Monday, 7 March 2011

Our First Cambridge Rowing Experience

On Saturday we went down to the banks of the river Cam to watch the Lent Bumps races. It was a most excellent day - we went with Javiera & her son, Manuel, and Ignacia & her husband Francisco & their 3 kids. Then some more Chilean folks joined us, and we all had a picnic outside this pub called The Plough, and watched some rowing. Even though it wasn't warm outside, everyone had a great time. We spent the whole afternoon outside on a grey, drizzly day, and it was awesome. Who doesn't love grey skies, rowing & beer?

What are the Bumps, you might ask - well, if you want an 'actual' explanation for them: But here is the quick & dirty version: The races happen over 5 days in March. Instead of lining up in a horizontal row, the boats from the Colleges line up vertically along the river. The goal is to actually hit the boat in front of you. If that happens, the two boats involved (Bumper and Bumpee) both pull over to the side of the river - the race is over for them. But on the next days' race, the Bumper goes ahead of the Bumpee. Sometimes boats will 'overbump' - this is a bit tricky to explain. Imagine boat #3 bumps boat #2 - they both pull over. Then imagine boat #4 rows like crazy, and catches up to boat #1 and bumps them - that is called overbumping. There is a possibility of double-over-bumping, but I guess it's pretty rare. There are 4 mens divisions and 3 womens, and a new race starts every 40 minutes. To signal 4 minutes & 1 minute to a race starting, they fire off a cannon. Seriously. I love England.
See how the Pink & White Stripeys are trying to avoid the boat coming up?
They got bumped anyways by these White Stripeys. Poor Pink & White Stripeys. I went crazy with cheering & excitement. I'm sure you can imagine.
 But the best part is that after everyone is done the race - either by going the distance or by bumping/being bumped - they have the row-of-champions and the row-of-losers. The Bumpees all row down to the end of the river, and get the polite British clap, and then the Bumpers come along. Once the Bumper boats have pulled over to the side of the river, their fans cut off leafy branches of trees, and they put them in their hair or around their necks, and the cox holds up the College's flag for their victory row. I totally wanted to put leaves in my hair - it was hard to resist.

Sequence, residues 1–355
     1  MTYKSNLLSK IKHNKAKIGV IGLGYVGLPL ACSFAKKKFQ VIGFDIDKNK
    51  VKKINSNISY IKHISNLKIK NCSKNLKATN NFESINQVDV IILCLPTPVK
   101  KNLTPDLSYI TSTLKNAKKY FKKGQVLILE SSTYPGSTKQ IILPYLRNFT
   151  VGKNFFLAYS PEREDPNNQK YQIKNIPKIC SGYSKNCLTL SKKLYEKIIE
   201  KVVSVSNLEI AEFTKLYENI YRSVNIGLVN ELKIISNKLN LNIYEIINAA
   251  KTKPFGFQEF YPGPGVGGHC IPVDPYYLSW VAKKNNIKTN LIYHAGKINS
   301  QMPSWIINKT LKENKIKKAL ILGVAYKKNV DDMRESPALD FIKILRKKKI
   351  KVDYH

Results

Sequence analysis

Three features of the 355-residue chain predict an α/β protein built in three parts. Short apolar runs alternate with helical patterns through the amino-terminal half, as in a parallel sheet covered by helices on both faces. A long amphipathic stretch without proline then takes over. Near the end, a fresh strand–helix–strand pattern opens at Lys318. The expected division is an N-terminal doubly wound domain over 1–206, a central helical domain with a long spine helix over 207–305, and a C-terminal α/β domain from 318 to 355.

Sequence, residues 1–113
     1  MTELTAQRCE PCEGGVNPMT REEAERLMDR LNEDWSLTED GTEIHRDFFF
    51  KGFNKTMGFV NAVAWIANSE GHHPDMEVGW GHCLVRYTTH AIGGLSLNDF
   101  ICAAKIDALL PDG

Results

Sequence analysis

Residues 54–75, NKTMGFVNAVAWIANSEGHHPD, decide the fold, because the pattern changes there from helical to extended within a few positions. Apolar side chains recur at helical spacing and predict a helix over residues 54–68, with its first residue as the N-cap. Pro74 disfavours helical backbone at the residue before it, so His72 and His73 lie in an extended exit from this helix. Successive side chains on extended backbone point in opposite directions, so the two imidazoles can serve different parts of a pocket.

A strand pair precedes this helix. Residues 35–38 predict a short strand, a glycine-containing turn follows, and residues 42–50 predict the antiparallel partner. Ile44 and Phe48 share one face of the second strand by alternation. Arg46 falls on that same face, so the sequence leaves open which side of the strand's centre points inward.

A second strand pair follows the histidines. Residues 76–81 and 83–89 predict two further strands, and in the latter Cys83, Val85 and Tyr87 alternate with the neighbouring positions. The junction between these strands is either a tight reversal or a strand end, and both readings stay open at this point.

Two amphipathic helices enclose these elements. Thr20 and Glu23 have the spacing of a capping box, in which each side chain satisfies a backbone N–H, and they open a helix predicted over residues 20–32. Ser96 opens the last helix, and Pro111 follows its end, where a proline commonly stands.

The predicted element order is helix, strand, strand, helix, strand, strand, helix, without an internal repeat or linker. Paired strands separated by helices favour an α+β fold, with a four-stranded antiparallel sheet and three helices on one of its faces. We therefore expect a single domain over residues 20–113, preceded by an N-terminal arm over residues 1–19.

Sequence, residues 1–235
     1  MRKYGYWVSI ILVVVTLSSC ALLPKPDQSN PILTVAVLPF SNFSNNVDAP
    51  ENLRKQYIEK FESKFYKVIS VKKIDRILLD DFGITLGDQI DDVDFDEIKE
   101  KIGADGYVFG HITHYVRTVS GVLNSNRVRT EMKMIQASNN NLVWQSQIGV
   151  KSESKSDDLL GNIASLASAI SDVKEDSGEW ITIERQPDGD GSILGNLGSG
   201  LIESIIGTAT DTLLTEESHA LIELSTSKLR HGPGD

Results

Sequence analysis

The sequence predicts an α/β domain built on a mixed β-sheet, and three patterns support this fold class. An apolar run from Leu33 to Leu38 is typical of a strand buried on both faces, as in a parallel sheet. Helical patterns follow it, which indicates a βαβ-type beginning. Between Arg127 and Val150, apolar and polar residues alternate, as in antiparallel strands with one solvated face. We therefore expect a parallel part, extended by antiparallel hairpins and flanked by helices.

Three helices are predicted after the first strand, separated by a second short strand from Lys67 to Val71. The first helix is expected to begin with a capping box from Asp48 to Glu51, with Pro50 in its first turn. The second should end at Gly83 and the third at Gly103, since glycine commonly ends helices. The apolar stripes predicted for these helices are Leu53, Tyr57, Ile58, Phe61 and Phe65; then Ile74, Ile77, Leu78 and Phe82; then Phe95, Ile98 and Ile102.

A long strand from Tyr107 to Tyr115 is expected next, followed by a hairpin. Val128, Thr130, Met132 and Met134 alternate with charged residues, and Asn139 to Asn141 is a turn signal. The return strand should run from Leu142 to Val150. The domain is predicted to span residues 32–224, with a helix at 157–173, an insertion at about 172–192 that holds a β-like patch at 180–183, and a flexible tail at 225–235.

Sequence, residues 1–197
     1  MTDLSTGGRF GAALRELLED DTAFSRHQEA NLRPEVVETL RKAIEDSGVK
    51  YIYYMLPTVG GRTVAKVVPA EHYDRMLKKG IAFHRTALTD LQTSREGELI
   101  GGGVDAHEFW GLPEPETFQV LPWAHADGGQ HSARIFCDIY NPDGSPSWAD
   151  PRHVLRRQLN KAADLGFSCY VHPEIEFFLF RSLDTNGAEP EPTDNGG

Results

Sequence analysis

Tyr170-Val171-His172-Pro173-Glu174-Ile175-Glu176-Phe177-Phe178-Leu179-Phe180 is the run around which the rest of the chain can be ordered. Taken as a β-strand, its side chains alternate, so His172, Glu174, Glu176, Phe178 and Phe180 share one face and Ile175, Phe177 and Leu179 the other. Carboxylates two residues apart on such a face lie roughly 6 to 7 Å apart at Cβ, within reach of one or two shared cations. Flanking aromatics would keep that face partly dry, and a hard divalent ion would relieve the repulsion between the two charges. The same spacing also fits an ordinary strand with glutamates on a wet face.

See how the Cox has leaves in her hair? Matthew took these photos on his camera, so they're high resolution (or something) and therefore I can't enlarge them because then they go all pixel-ated. Sorry.
It's hard to tell, but a few of these girls have leaves in their hair. Honest.

Each college has specific colours,
and you'd think that by the end of the day I would have learned which colours are for which College, but no. I did, however, resist cheering for Gryffindor when Selwyn rowed past:

A couple of guys from Matthew's lab were rowing, so we had someone to cheer for. But let's get serious: I cheered like crazy anytime any boat got even close to bumping. We saw two bumps and on the first one I almost fell in the river while cheering. 

I have to include one last picture of The Most British Man In England. He had a tweed coat with elbow patches, a satchel, a cap, wellies, a massive hearing aid, bad teeth, and a one-legged stool thing - it had a spike on the end to drive it into the ground, and then he had a little seat. I am so sad this is the only shot we have of him:

1 comment:

Susan said...


Awesome! There is really a Gryffindor and a Selyn? British sports are certainly ... interesting ... Mind you, we have curling.

Lotsa love to all,